How to act and move on: strategies for women facing discrimination and online harassment
The rise of online abuse, cyberbullying, and discrimination has become a pressing concern across the world, prompting the need for proactive strategies to create a safer digital environment for women. On the eve of Human Rights Day, we explore practical approaches that empower individuals to combat these issues and foster a culture of respect and inclusivity online.
The battle for voice: concrete strategies
“I received, for about two weeks straight, hundreds of tweets an hour dissecting my appearance in every way, making fun of the way I spoke, making fun of the way I looked,” reveals Nina Jankowicz, a disinformation researcher and author of How to Be a Woman Online: Surviving Abuse and Harassment, and How to Fight Back.
She outlined the relentless nature of the digital storm she endured during a recent keynote speech at the EU DisinfoLab 2023 Annual Conference, sharing invaluable insights and strategies to navigate the treacherous landscape of online harassment.
Jankowicz emphasises that trolls thrive on engagement, and advocates a strategic response: mute or block, and move on. “The objective is clear: deny them influence,” she said. In the face of online abuse, Jankowicz encourages women to think about building a robust support network.
She also mentions the broader employment landscape, advocating for sensible policies to support those facing online abuse. In her words, “Employers need to craft sensible policies for employees undergoing online abuse. Moreover, employees need to ask about support policies when negotiating a new job.”
Cyber harassment, cyberbullying, trolling, flaming – these terms are often used interchangeably, with some losing their meaning over time. PEN America, an organisation championing free expression, prefers the terms “online harassment” or “online abuse,” defining them as the “pervasive or severe targeting of an individual or group online through harmful behaviour.”
In their Online Harassment Field Manual, they propose practical strategies to combat online abuse if you are not a target, but have witnessed it:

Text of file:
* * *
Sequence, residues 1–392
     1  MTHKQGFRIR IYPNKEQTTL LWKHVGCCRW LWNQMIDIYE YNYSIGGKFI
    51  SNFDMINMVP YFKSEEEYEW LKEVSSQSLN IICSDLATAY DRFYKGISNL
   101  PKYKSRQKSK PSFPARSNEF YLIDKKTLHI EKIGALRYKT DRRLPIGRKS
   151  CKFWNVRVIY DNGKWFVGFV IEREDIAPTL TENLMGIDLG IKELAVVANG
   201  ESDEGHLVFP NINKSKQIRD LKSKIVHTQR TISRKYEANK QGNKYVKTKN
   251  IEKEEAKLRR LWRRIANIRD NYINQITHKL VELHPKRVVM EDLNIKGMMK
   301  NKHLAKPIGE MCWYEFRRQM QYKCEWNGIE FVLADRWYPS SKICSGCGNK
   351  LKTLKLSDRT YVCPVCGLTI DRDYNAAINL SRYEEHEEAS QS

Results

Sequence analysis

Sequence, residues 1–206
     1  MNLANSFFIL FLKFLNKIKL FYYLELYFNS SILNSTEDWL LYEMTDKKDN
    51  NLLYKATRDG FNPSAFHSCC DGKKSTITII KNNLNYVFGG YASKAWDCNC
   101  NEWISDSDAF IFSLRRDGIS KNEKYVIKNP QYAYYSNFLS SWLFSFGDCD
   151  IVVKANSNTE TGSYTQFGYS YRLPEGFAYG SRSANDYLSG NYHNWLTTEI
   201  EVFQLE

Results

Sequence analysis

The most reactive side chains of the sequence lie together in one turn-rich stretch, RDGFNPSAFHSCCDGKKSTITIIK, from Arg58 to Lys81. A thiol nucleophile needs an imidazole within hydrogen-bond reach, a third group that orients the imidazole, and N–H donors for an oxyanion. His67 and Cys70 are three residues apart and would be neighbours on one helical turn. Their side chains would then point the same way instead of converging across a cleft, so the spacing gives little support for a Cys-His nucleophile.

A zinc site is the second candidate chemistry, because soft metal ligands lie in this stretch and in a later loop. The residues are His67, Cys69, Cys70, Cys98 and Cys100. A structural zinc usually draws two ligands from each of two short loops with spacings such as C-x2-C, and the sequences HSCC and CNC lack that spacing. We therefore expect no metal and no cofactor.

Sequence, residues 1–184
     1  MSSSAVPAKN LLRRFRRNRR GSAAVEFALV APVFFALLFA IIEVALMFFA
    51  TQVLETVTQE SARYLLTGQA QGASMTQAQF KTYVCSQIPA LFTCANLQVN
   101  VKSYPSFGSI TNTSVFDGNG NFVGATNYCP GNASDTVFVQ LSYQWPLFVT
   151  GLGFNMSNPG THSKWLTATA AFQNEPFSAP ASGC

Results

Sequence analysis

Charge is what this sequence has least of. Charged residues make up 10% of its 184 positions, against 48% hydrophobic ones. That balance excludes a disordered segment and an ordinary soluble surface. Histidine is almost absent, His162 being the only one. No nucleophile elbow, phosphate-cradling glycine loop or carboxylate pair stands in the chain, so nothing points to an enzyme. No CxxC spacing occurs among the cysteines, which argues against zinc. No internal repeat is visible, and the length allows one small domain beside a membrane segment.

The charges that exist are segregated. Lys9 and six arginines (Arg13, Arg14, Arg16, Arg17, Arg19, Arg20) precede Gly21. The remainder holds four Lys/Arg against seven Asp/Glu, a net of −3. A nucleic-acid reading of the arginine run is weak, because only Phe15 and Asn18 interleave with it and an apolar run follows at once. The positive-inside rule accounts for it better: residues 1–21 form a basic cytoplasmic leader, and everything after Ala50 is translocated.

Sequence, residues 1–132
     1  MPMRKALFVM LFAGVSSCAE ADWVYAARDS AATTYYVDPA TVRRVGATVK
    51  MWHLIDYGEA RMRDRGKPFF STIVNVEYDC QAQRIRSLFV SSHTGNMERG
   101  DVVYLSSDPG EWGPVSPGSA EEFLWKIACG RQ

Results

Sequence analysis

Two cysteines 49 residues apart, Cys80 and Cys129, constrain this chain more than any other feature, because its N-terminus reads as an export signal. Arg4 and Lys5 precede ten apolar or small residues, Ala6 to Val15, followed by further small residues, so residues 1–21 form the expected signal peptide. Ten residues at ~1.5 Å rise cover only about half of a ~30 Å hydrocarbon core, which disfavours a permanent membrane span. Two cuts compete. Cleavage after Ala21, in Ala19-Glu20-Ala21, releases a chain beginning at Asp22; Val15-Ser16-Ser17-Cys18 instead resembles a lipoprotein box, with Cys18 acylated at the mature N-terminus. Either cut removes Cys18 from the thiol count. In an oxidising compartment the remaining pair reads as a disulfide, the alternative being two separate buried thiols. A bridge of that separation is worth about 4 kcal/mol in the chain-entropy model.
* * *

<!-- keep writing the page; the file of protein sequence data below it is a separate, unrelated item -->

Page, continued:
1. When witnessing online harassment, it is essential to prioritise your safety.
2. Identifying the type and extent of abuse is crucial.
3. Check in with the target, providing emotional support, listening without judgement, and affirming that what’s happening is not their fault reinforces a sense of solidarity.
4. Find the best way to help, offering tangible support, such as assisting in reporting, documenting incidents, or enhancing digital security.
“The solution is to draw attention to the issue”
Human rights and gender equality are core values of the European Union, and they lie at the heart of the EU’s external action. Promoting those values is one of the key missions of the Young European Ambassadors (YEA) network in the Eastern Partnership region.
Young European Ambassador Saadat Aghayeva is also a Youth Ambassador for the UN’s Sustainable Development Goals – specifically SDG5 for gender equality – and HeForShe (the global gender equality movement) programme manager for Azerbaijan. She has experienced systematic online harassment and learned how to deal with it.
“I remember I got several sexting proposals from men without consent and blocked them immediately. Unfortunately, it happens so often to girls and women, because accessibility to the internet also creates space for individuals to engage in online harassment and not take responsibility for their actions,” she said.
Saadat Aghayeva encourages every woman who faces online bullying and harassment to be bold, use their voices, collect proof and report it. “I think it is one of the solutions to draw attention to the issue by involving the community around us, and benefit from legal implications as well!” she insists.
Indeed, more than 50 YEAs recently took part in a Council of Europe training for Young European Ambassadors, engaging them in combating hate speech. This programme empowers young leaders to develop counter-narratives to discrimination, hatred, and racism, using human rights language and taking action against these phenomena with the public.